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  1. seixal

    seixal Member

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    Do good speakers make good writers?

    Discussion in 'The Lounge' started by seixal, Apr 15, 2017.

    I have been thinking about this for a while. Given writing is essentially verbal speech transcribed into visual format, you would think that whoever is good at one should be good at the other. What do you think?
     
  2. Dr.Meow

    Dr.Meow Contributor Contributor

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    Depends, it's kinda like musicians and writing music. Being a skilled musician does not necessarily mean you can compose very well or write an awesome song.

    Sources: My father, he is an excellent musician, but has always envied those who can write music. He can read music just fine, and he's played in several bands, but he cannot write it.
     
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  3. BayView

    BayView Huh. Interesting. Contributor

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    I certainly don't think the reverse is true, that a bad speaker will be a bad writer....

    I think being able to pick the right words in speech may definitely translate to being able to pick the right words in writing. But there's more to being a good speaker than just picking the right words, and there's more to being a a good writer than being able to pick the right words.

    So I'd say there may be a correlation in at least one area, but there's probably not anything close to a guarantee.
     
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  4. Spencer1990

    Spencer1990 Contributor Contributor

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    Piggybacking on what was said before me, I think that good speakers tend to have a strong voice and presence. Those things are very good to have in narrative, but how you achieve them in speech vs narrative is different.

    So, if a speaker has a strong voice and a unique presence, and that person understands how those things translate to written narrative, then sure, in this scenario, a good speaker could make a good writer.

    But, as BayView pointed out, there's a whole lot more to it.

    Maybe(?): "A good speaker who understands what's necessary to create a compelling spoken narrative has a strong base to become a writer if he or she understands the different applications of technique."
     
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  5. Homer Potvin

    Homer Potvin The game sour like a pickle be.... Contributor

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    Or the opposite could be true too. That the frustrations bad speakers experience with verbal words fuels their desire (or necessity) to write because it's the only way they can communicate clearly. Stephen King said something similar to this about himself once, I think. And there's that little bit in Misery about the differences between storytellers and story-writers. Also, I've seem some interviews with authors that either couldn't speak worth a lick or were just nervous on camera. But then again some writers are very eloquent. There's probably no direct correlation between speakers and writers, but I can see how being either great or terrible could be a benefit in writing.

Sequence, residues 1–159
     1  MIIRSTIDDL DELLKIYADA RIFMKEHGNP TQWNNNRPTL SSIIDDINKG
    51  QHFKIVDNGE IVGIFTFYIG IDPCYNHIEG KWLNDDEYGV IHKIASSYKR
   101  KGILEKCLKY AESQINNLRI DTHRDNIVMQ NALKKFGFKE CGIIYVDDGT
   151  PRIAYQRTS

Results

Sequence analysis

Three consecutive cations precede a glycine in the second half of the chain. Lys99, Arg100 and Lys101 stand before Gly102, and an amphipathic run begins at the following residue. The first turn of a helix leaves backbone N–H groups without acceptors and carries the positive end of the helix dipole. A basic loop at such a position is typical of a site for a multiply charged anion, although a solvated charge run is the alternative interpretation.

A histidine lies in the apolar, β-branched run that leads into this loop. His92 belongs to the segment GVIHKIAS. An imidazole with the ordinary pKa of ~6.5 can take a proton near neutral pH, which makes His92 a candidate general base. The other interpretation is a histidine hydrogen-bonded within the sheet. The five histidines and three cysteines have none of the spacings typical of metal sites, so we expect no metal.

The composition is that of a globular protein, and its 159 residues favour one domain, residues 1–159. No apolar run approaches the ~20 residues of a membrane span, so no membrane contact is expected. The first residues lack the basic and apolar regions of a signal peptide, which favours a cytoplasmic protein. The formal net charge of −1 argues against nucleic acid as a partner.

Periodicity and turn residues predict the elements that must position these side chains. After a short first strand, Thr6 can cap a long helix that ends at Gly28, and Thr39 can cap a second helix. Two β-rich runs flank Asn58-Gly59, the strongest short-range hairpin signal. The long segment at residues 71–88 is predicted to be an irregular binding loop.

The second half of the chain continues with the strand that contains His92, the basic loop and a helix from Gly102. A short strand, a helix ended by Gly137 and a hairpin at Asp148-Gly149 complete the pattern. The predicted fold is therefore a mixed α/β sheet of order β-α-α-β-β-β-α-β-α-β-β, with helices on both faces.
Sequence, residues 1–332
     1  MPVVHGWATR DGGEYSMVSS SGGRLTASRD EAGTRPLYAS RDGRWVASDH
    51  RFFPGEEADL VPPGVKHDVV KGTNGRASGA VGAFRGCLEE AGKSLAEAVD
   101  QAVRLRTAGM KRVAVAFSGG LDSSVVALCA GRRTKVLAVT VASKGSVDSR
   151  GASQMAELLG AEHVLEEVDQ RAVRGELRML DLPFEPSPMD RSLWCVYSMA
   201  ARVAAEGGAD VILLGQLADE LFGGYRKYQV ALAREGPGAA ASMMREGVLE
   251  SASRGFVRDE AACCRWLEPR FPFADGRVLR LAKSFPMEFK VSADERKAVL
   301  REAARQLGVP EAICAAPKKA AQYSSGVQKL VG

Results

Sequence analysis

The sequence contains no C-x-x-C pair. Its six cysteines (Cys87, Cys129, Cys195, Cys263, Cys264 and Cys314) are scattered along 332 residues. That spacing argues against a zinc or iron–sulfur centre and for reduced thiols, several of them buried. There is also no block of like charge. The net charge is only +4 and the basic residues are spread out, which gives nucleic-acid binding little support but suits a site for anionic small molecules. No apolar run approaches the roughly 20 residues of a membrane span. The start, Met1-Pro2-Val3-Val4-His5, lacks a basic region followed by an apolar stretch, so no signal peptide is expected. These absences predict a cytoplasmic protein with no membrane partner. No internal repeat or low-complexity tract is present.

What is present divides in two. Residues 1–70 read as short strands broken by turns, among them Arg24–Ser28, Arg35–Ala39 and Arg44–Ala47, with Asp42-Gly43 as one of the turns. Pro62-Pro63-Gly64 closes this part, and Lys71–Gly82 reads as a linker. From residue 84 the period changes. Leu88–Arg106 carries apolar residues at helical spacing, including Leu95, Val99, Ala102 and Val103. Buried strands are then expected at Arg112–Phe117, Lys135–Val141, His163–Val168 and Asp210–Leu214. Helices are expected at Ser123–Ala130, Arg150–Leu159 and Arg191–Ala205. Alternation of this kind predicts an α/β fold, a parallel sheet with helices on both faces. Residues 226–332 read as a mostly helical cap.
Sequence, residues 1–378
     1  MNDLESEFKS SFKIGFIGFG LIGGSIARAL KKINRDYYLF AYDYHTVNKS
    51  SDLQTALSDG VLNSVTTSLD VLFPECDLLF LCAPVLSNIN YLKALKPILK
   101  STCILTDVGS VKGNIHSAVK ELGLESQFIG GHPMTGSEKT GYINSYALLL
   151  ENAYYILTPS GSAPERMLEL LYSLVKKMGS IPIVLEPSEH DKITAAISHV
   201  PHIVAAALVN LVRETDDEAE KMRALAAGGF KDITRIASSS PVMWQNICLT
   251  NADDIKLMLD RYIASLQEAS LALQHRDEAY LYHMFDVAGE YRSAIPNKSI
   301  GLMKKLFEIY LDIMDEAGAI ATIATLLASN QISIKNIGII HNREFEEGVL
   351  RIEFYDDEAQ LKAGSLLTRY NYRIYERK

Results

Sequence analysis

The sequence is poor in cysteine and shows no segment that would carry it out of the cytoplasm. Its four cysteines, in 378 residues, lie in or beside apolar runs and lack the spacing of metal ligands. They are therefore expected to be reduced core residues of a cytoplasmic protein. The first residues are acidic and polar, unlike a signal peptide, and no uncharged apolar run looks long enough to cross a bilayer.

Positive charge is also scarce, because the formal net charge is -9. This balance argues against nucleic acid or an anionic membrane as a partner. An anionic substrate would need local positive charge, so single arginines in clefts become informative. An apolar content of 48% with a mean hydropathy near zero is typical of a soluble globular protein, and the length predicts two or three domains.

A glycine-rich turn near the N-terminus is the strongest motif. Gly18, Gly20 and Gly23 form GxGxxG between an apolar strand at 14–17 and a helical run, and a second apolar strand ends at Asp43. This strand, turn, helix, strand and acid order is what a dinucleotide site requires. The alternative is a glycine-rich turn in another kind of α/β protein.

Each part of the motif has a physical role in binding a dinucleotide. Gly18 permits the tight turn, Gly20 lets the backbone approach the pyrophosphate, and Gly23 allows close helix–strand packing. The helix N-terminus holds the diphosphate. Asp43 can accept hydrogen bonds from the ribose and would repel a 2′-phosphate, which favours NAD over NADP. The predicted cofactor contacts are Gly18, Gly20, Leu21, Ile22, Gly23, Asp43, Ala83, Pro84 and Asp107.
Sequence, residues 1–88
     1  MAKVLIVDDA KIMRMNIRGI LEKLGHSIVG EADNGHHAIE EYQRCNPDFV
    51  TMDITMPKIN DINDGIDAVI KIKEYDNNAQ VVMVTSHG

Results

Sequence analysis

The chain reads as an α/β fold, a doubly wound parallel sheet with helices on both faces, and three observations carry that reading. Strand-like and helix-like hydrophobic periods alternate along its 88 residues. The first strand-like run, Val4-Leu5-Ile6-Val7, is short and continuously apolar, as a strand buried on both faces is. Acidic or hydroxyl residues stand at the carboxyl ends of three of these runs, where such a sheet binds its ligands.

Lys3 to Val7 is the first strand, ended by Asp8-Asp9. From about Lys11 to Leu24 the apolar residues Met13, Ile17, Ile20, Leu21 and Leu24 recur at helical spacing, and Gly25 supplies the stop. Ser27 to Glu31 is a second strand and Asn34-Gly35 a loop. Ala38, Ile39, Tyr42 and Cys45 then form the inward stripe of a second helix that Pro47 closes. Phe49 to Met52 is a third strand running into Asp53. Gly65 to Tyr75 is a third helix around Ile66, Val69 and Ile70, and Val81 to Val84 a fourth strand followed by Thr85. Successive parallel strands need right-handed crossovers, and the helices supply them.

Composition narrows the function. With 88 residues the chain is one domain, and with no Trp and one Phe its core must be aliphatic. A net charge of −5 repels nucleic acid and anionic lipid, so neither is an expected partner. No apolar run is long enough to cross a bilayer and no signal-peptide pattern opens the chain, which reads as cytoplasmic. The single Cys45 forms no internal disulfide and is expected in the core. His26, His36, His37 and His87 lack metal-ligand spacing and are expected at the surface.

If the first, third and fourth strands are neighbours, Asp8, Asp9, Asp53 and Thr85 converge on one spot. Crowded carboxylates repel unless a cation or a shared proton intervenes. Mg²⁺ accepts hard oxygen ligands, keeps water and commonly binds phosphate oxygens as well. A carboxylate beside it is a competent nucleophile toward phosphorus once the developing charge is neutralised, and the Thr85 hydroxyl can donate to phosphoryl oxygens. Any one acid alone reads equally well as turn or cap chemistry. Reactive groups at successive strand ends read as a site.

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  6. NoGoodNobu

    NoGoodNobu Contributor Contributor

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    There's a huge disparity between how I write and how I speak. I can be very articulate in writing. But I speak very poorly. Lots of umms, whachamacallits, thingy, all ended in the all comprehensive closer "ya know?"

    When I'm typing or writing, proper diction just instinctively flows forth. But when I speak, I have all the vocab & eloquence of an eight year old.

    I think this disparity might be because I was actually full mute till I was 2 or 3 (so just a late bloomer, but my mom flipped out), and no one spoke great English around me—I was often left to the care of my Japanese grandmother whose Engrish is legendary. However, I was an avid reader and enjoyed Shakespeare at age 6 (which isn't all that impressive, when you're private elementary school required you to recite entire chapters of the King James Bible verbatim from memorization, regularly).

    So I think my speech & writing developed separately from each other
     
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  7. BayView

    BayView Huh. Interesting. Contributor